It’s Saturday and it seems everyone visits Antigua on the weekend. The streets teem with cars and motorbikes. Weekenders from Guatemala City mix with foreign tourists while local hawkers peddle their wares. Navigating the uneven sidewalks and cobblestone streets take skill but paying too much attention to one’s feet can result in a head injury from the wrought iron balconies that extend at a perilously low angle for gringos – or what my husband refers to as “the revenge of the Maya”.
Our guide takes us to numerous churches, convents, monasteries and Spanish colonial government buildings all in various stages of ruin or repair. The ruined ones are the most impressive with mist-shrouded volcanoes in the background and colorful hawkers in the foreground. As always, our guide walks a fine line on political correctness. He speaks of the Spanish conquest in terms of a melding of the best of the Old World with that of the New. “We gave them tomatoes, chocolate, corn...” The only spark was ignited at San Francisco Church when he mentioned that the notorious conquistador, Alvorado, was buried there, and my husband remarked, “Why would they let him in here?” Our guide gleefully whispered that long ago, according to popular rumor, his body was exhumed and burned.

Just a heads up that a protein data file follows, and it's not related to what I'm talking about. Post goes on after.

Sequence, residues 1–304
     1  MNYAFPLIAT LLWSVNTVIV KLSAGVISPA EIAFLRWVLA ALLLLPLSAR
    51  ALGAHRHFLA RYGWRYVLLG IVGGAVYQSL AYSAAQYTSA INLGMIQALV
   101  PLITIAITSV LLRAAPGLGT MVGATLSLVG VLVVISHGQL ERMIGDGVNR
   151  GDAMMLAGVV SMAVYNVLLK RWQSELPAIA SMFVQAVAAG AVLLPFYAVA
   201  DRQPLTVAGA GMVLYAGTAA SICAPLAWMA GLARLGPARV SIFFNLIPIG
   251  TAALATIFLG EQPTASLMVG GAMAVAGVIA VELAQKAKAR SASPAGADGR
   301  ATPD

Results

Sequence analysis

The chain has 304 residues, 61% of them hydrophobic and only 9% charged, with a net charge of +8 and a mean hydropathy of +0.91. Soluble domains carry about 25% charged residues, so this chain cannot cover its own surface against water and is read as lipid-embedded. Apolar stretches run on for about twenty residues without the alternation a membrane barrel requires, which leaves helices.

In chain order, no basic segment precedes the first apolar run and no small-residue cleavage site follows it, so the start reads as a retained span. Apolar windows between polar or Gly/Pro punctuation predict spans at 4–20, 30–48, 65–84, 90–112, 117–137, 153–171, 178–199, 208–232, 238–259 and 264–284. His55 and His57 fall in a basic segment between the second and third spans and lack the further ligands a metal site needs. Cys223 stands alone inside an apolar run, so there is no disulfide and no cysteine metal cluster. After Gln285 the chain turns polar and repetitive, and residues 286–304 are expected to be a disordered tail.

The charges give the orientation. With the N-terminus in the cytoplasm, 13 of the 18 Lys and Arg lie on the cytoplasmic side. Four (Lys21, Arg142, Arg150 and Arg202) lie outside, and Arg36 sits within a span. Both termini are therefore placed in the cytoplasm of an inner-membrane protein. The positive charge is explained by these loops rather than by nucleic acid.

While Antigua is well worth the visit, the highlights of our trip were experienced in the countryside – at the weekly Chichicastenago market followed by a few days near Santiago Atitlan where we went on a horseback ride up through coffee plantations to an impressive view of Lake Atitlan. Our hosts were two American expats who came to Guatemala over 25 years ago and eked out a life in the midst of civil war. Their ranch is made from rock with a safe house on the lower floor built to withstand mortars. Now, that the troubles have ended, they make a living leading horseback and hiking trips.
If one word could describe Guatemala, it would be color. It’s not just the flowers and rolling hills and violet blue lakes. It’s also the amazing array of textiles and masks in the local markets. Color is everywhere, even in the Mayan cemeteries. Each region has its own textile designs and color palette. Color, culture, and stunning natural beauty all come together in Guatemala.